While establishing and maintaining inclusivity is incredibly important in the drive for representation, it’s only half the battle. Backing up an inclusive culture with a diverse workforce is paramount, and vice versa. Without an inclusive culture, team members from diverse backgrounds won’t be able to do their best work — hence, diversity and inclusion go hand-in-hand.

Organizations need to recognize that upholding inclusivity and increasing opportunities for underrepresented groups such as women in tech requires an ongoing, concerted effort that goes against the grain of conventional practices. Leaders must step outside of their comfort zone and make themselves vulnerable and open to change.

Increase opportunities for women in tech both internally and externally

Within any organization, senior leadership must be aware of current demographics and representation, and make certain that diverse voices are present — and even more importantly, heard. This includes all aspects of the employee journey, from hiring to daily interactions to promotions. Strategies for doing this include:

Provide a venue for employees from different backgrounds to connect

Whether it’s a Slack channel for LBGTQ+ employees, an employee resource group (ERG) for women in tech or a one-monthly lunch with a guest speaker focused on diversity, ensure that there are venues for employees to discuss and raise issues. By encouraging these group events, companies can provide opportunities for underrepresented employees to network and build each other up. Creating networks and relationships is particularly critical for employees who might be entering their first job or a new role where they’re seeking guidance on career development opportunities.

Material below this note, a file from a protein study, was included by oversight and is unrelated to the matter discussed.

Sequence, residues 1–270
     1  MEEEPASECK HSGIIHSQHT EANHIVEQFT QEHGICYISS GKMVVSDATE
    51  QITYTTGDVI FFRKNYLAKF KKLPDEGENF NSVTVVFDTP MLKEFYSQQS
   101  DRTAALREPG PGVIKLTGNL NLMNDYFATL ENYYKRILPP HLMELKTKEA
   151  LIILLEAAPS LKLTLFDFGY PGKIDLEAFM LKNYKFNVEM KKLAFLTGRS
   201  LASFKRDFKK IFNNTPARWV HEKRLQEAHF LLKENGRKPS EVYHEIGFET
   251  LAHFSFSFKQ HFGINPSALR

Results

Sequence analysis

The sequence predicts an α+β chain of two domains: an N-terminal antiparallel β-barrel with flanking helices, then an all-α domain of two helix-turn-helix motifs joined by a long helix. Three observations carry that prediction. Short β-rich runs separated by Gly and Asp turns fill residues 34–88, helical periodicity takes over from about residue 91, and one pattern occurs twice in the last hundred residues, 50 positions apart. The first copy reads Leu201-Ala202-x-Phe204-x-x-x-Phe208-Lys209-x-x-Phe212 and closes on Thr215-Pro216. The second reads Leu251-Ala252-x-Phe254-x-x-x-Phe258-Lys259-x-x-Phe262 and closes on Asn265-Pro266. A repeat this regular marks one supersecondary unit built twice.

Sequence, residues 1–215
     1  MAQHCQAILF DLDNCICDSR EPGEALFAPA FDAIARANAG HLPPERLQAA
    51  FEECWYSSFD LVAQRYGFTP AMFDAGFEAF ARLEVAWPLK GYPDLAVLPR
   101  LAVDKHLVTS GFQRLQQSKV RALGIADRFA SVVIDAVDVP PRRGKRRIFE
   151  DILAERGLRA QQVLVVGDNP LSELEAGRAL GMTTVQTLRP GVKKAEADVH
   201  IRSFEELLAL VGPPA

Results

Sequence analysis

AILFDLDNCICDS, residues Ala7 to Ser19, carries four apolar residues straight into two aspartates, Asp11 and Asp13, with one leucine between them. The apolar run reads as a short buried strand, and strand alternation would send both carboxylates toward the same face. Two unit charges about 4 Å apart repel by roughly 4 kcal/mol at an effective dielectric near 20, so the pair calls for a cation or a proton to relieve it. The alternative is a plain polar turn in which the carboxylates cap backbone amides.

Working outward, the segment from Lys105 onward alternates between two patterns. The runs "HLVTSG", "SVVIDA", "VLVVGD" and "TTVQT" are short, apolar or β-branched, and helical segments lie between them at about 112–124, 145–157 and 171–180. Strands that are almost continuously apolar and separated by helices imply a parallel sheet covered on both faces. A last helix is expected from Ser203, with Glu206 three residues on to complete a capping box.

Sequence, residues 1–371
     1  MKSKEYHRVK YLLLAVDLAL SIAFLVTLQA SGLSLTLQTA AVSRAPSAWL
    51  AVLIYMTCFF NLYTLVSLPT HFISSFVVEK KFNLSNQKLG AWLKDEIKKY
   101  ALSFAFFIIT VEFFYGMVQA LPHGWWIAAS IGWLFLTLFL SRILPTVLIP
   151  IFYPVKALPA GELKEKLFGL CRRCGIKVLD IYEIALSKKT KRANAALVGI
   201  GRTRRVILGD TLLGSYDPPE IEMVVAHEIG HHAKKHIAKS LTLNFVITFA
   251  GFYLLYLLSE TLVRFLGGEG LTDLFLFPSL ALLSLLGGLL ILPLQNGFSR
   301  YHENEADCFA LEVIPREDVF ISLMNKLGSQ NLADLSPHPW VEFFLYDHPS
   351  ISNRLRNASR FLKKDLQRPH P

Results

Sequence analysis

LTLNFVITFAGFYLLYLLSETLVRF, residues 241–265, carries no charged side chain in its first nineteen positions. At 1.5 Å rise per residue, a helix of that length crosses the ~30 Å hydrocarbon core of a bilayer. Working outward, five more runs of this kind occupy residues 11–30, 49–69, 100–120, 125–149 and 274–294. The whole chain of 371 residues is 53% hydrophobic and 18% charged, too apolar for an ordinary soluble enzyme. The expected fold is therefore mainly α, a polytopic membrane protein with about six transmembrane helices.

Tackling diversity: Create clear career development programs

In establishing clear career paths, employees from all backgrounds should understand how to advance in their careers. In a similar vein, organizations can work to remove personal biases from promotion decisions. No matter how a company chooses to approach the issue of diversity, it’s essential that underrepresented groups and voices are heard and amplified during the career processes a new employee faces.

There’s no one-size-fits-all approach to improving the lack of women and broader diversity in the tech industry, but it’s essential that we acknowledge and accept that this is an important issue and take steps to end these inequities. It’s on all of us, particularly those in leadership, to work towards making a company culture one that not only possesses diversity but advocates for it and promotes inclusivity.

Colleen Tartow is director of engineering at Starburst.

DataDecisionMakers

Welcome to the VentureBeat community!

DataDecisionMakers is where experts, including the technical people doing data work, can share data-related insights and innovation.

If you want to read about cutting-edge ideas and up-to-date information, best practices, and the future of data and data tech, join us at DataDecisionMakers.

You might even consider contributing an article of your own!

Read More From DataDecisionMakers

Exit mobile version